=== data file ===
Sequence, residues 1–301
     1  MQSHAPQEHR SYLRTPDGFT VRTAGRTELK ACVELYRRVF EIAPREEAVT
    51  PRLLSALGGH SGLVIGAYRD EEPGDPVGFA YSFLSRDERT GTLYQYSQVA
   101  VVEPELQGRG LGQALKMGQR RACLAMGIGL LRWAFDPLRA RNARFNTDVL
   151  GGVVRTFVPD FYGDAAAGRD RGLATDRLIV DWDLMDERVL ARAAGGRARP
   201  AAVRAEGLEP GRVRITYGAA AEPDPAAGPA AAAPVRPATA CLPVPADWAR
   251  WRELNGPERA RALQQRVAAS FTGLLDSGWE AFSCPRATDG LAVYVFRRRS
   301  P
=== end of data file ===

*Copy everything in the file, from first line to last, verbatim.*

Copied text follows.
Sequence, residues 1–301
     1  MQSHAPQEHR SYLRTPDGFT VRTAGRTELK ACVELYRRVF EIAPREEAVT
    51  PRLLSALGGH SGLVIGAYRD EEPGDPVGFA YSFLSRDERT GTLYQYSQVA
   101  VVEPELQGRG LGQALKMGQR RACLAMGIGL LRWAFDPLRA RNARFNTDVL
   151  GGVVRTFVPD FYGDAAAGRD RGLATDRLIV DWDLMDERVL ARAAGGRARP
   201  AAVRAEGLEP GRVRITYGAA AEPDPAAGPA AAAPVRPATA CLPVPADWAR
   251  WRELNGPERA RALQQRVAAS FTGLLDSGWE AFSCPRATDG LAVYVFRRRS
   301  P